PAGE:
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The Monday Miniature: 2015


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I can't believe it is already Monday. Argh!  I was going to talk about the awesome freehand on Jab's mini.  How he used very thin paint over his highlights to add that dappled effect on the cloth; how I plan on stealing the effect when I paint Coraline.  I'd also planned on sharing some freehand tips that I got from DKS, like using Stained Ivory as a base under your free hand, and as a mask to fix mistakes because it has large pigment flake and covers well; it also allows the color of your freehand to pop, because they are on a white, but alas, it is Monday, and I'll never get the chance now.

 

On to the next mini....

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Monday Miniature: 77375 Mashaaf

 

IG_4416_1.jpg

IG_4416_2.jpg

IG_4416_3.jpg

 

Painted by Peter Fitz
Sculpted by Kevin Williams
 
Today we have an excellent and yet gross version of Mashaaf (and yes that is a compliment).
 
A couple things really stand out to me on this one:
 
1. The whitish skin is well done.  Note how subtle the shadows are, with large areas left white.  This is an excellent primer in shading a white mini.  the key is to have more highlight zone, fewer shadows, and very smooth transitions.
 
2. I really like the way he transitioned to purple and pulled wet looking highlights on the tentacles.
 
3. I like the chitinous look and contrast of the dark claws.
 
4.  the gem eyes really make the piece.  Painting gems is not as hard as most thing it is, but you do have to know where to place the colors, and it is opposite how a non translucent surface would work, with the dark point being high and the lightest color low.  then you at a white reflection dot high to finish it off. dsmiles posted a good reference for gems here.
 
Have a great week.
 
Andy
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That worm is very inspiring, making such beautiful blends, and the colours chosen, just make this piece spectacular.

I'ld like to try to emulate what I think makes this piece work so well, the colour values are very similar -except for the darker purpley-red mouth tentacles which draws the eye, giving the very elegant grossness, that just makes this piece fantastic.

Great pick Andy!

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That piece is quite intriguing. The majority of the piece being white is an interesting choice. The shadows being a pink white and blue help harmonize and break up the monotone of white. The blending of the tentacles is pretty well done. They look almost wormish. The jewel effect is done well. My critique would be for some of the green/gray rocks to have sharper shadows.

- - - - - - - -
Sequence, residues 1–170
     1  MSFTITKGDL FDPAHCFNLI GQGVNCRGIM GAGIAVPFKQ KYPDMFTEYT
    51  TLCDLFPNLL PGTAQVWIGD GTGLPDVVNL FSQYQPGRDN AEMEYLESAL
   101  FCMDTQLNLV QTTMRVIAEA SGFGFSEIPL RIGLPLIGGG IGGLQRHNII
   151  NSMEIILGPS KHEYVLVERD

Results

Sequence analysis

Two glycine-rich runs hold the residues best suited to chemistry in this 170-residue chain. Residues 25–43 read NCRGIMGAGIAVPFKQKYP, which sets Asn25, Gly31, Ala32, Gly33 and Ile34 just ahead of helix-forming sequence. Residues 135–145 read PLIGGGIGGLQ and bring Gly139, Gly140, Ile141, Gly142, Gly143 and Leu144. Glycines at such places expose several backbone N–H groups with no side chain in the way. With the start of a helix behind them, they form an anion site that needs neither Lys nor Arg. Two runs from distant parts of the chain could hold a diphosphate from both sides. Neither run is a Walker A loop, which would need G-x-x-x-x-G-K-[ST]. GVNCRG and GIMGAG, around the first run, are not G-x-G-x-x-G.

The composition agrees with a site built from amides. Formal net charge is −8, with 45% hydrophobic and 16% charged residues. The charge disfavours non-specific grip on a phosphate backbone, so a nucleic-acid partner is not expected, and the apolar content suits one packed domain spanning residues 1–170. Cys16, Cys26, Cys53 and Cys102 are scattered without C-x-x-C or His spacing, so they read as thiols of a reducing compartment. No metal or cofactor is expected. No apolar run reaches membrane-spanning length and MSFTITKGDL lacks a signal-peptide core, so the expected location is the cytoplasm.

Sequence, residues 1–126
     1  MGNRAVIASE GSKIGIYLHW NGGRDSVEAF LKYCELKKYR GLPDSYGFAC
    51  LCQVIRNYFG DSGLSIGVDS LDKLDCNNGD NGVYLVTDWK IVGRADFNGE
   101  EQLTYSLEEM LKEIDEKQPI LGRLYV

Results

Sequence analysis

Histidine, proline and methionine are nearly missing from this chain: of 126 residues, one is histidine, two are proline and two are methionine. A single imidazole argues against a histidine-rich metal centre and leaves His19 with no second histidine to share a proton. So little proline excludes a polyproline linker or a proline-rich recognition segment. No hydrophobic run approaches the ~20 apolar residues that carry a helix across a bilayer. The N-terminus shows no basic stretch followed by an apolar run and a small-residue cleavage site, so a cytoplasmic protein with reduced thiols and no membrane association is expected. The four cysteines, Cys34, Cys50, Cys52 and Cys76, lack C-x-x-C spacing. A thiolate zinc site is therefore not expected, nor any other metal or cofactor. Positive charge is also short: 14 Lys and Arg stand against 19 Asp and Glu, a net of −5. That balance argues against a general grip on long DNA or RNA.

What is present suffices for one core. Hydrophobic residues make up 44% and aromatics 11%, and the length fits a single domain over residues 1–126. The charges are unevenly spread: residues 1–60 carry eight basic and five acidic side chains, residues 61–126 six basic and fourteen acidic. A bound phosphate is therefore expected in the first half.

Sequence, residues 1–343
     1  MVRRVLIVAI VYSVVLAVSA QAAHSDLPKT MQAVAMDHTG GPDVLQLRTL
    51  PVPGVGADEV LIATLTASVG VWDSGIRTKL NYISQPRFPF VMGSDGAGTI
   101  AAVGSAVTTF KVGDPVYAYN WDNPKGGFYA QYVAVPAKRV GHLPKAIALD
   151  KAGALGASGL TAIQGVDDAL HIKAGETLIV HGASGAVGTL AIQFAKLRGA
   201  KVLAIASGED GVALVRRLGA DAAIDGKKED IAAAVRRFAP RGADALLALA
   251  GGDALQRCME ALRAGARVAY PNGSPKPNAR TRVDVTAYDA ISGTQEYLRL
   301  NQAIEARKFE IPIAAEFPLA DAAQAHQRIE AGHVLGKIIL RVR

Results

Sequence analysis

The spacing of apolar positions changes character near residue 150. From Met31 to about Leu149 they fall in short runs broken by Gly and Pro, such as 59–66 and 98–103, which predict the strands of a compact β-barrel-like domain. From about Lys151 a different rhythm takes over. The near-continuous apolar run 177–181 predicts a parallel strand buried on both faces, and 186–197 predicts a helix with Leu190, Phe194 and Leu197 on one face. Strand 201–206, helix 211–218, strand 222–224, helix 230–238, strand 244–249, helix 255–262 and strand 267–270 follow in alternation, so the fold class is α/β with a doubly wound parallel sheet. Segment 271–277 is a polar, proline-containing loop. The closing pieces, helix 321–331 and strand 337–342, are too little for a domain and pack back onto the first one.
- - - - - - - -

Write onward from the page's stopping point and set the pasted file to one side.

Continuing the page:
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Monday Miniature: Unknown Bust

 

6x__sized_l.jpg 3x__sized_l.jpg

 

Painted by Alfonso Giraldes "Banshee"

 

This is a 3D skecth done in 90 minutes, which is impressive itself.  Cash brought this to me as a point for discussion.  I think there is a lot to take from this one.  There's a bit of cell shading going on here and color theory being applied well.  Mostly, I think it can give us a good point to discuss skin tones and shadows.  The complete blog post is here (no commerce links, I checked).

 

Cash, if you could kick off the discussion this week, that would be great; I know you found inspiration here and we'd like to hear about it.

 

(Also, if anyone knows where this mini comes from or what it is, let me know and I'll fix the title.)

 

Andy

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Well, first off I just love the paint job and the artist. I don't believe it has a name, just The Anonymous Bust, he uses it for classes to demonstrate on. This alone means there are a ton of different takes on it, from Banshee and also from students. Here's an example:

 

ZtbJeVK.jpg

 

Now, aside from the fact that I love how he paints this, it's a bit of a stylistic statement. Here's a couple quotes from Banshee:

 

90 minutes sketch

I think is the 15th version i have painted already.

I think that if you follow my work i am trying to develop an illustration style in 3d. i have been doing this since many years ago in kmodels when i started doing the duel between anakin and obiwan:http://www.puttyandpaint.com/projects/3095

Since that i think i have gone into a more wild way of painting. however there is obviously much more conciousness and control after years of developing those effects , techniques and searching for new ways and new styles.